Is it curtains for traditional paper as FibreLab recycles textile waste into paper for printing and packaging?

A collaboration with a textile company has yielded impressive results after fibres from discarded cloth have been successfully recycled into paper products that can be printed on.

Baddeley Brothers has been working with FibreLab to test printing on Papertex, the name being given to an innovation by the East London company.

FibreLab is a hyper-local textile recycling service. It collects textile waste from London businesses of all types – from fashion brands and garment manufacturers to hotels and film productions.

CEO Kaela Katz said: “The need for FibreLab came from my personal frustration with the fashion industry and the immense amounts of waste that businesses generate. So often the blame is put on consumers, but actually, businesses generate significantly more carbon emissions and waste, and they need to be held accountable.

Cutting carbon

“Throughout my master’s research, I interviewed countless London-based fashion businesses and found that the problem was the lack of easily accessible textile recycling solutions. Having a service local to the area means that we can increase transparency—so clients know where their textile waste is actually going and how it is being processed. It also allows us to cut down on the carbon emissions and plethora of other issues that come with exporting waste abroad.”

Once the material is collected, it goes back to the studio in East London and the textiles are sorted by fibre type and colour, and put through a custom-built shredder to make raw, recycled fires.

There is then a wide range of products and materials that can be developed, and for Baddeley Brothers, the most interesting and recent innovation is Papertex.

Kaela continued: “The core of our business model is our Textile Shredding and Recycling Service, but as we’ve been developing the business over the last year, we’ve noticed that businesses were interested in seeing a final product output rather than purchasing the recycled fibres.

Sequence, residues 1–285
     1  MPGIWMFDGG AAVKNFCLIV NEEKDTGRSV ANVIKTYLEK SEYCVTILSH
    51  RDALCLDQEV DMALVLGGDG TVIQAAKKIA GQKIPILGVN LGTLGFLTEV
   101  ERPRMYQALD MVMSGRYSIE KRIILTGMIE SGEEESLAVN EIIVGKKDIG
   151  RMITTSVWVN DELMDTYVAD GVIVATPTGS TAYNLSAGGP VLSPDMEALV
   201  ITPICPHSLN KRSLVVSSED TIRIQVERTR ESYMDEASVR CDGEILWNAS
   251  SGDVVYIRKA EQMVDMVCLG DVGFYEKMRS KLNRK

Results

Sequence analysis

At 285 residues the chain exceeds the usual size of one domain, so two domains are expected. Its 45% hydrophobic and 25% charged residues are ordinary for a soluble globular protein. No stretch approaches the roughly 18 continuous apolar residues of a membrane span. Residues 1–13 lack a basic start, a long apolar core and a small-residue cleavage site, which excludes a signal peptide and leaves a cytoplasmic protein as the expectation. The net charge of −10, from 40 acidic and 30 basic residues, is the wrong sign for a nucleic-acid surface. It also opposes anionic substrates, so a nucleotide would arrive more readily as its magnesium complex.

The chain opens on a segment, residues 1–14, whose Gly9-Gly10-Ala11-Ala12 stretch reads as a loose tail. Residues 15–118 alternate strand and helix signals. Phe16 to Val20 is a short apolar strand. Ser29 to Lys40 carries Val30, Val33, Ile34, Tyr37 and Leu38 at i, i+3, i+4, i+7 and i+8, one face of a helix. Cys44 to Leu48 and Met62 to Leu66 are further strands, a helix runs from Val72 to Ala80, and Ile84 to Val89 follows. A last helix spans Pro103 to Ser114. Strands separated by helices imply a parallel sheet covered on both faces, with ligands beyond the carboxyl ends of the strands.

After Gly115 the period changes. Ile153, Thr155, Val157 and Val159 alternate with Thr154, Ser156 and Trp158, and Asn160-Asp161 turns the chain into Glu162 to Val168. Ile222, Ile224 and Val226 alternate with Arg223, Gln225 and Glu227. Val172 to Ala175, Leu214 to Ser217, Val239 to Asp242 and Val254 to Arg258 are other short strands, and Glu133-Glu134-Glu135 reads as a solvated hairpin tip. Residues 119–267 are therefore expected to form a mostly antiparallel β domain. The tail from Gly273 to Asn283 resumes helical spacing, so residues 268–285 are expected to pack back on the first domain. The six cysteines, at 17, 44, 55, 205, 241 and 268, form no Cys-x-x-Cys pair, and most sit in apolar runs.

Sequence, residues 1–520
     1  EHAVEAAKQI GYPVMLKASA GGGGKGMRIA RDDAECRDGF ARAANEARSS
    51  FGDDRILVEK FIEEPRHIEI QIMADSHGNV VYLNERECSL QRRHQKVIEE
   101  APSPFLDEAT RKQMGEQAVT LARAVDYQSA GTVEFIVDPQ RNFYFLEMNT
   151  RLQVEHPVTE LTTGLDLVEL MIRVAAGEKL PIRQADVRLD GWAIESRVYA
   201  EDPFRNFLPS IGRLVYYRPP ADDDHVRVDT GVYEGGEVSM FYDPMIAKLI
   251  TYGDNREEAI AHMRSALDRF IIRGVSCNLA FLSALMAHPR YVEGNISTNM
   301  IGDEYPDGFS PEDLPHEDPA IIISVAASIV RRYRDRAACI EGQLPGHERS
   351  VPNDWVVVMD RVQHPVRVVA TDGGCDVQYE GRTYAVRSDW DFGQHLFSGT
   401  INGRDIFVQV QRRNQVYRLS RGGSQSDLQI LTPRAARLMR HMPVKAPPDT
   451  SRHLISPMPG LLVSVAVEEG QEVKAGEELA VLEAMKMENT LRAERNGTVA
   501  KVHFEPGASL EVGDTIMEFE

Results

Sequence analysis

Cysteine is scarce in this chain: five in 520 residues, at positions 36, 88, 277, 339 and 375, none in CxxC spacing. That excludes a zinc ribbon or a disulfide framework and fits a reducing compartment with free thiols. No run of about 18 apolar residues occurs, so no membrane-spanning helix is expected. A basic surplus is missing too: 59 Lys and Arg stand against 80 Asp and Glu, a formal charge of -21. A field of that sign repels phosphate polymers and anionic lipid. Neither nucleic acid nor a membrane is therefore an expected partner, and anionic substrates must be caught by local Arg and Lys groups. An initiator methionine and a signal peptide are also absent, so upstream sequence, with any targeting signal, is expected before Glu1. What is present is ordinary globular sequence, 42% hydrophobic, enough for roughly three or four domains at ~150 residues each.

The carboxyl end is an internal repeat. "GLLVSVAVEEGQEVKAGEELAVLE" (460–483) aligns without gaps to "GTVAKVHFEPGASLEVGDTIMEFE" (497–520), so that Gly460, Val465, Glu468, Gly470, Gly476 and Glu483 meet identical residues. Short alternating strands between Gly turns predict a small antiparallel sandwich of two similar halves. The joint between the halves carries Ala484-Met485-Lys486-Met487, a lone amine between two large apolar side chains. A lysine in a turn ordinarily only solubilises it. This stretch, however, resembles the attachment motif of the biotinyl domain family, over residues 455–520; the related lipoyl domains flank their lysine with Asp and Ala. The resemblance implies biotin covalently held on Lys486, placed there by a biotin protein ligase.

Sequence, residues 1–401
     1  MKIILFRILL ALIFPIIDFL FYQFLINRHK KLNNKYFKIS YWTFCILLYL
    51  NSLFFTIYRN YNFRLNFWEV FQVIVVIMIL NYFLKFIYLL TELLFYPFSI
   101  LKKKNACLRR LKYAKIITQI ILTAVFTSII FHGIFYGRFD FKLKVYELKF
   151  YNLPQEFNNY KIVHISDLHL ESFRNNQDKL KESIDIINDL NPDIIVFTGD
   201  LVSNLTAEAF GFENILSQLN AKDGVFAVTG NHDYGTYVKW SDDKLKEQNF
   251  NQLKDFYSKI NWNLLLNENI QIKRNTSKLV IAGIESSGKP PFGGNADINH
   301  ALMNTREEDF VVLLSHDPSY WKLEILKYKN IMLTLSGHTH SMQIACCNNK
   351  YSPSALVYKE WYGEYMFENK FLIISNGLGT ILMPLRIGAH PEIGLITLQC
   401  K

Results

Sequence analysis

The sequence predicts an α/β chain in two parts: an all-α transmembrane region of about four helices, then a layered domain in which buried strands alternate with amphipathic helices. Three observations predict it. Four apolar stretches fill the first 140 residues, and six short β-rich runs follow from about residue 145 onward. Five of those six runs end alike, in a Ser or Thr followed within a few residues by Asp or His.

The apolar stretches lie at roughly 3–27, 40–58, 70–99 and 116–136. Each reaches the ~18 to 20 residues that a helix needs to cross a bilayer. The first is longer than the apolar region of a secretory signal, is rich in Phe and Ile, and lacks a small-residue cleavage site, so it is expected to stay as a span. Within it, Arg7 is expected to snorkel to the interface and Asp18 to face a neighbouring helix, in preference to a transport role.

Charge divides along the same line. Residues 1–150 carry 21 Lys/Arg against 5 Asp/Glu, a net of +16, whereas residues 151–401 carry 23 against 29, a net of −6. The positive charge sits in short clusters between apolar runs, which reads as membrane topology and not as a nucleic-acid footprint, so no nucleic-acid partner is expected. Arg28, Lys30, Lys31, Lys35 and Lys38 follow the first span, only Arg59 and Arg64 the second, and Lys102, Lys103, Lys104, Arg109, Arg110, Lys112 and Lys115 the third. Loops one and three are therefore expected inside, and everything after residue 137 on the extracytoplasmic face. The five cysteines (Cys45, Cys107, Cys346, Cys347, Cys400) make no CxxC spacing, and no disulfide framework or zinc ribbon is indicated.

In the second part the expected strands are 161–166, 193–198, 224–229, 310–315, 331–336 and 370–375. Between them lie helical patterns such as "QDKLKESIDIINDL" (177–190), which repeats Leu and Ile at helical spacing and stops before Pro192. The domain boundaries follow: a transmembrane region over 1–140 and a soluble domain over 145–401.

Making paper from cloth

“Since then, we’ve been working to develop some solutions–about 6 months ago we were very lucky to have received an Innovate UK grant to develop Papertex, a paper material made from 100% recycled textile waste. The papers are a great output for the natural fibres that we receive, like cotton, wool and silk.

“We were sending our recycled fibres to Tom at the Paper Foundation so he could process them into paper for us. Once we developed successful papers, the next challenge was figuring out how to print on them and which processes would work well with the qualities of the recycled papers. Tom referred us to Baddeley Brothers. They helped us test quite a few different printing techniques, and we were thrilled with them.”

Baddeley Brothers commercial director Charles Pertwee said: “Supporting start-ups, especially local ones as we were once 164 years ago! is really important to us. I find the whole idea of repurposing existing materials for second or third use stimulating. It provides us with an advantage in familiarising ourselves with the type of materials we may handle in the future.

“We undertook various proofing exercises. It was exciting to see how the different materials performed. There were surprises using matt and gloss foils, but also how well the material blind embossed and debossed. We learnt a thing or two—matt foil worked better on fluffy, less calendared material, for example.”

Kaela added: “We’ve especially loved the way the deboss effect turned out on the black cotton papers with our logo. Our logo has very fine, detailed lines, so it was very exciting to see it work so well on the papers.

“We try to get the businesses who recycle their textile waste with us to buy back the materials as papers, but the customer base is really wide and spans industries.”

Fibrelab is helping to divert textile waste from reaching landfill or incineration and also cutting down on new raw material usage for products such as paper. The company tracks all the kilos it collects and issues impact reports detailing how much carbon was saved by using its services, converting it into the equivalent of trees planted.

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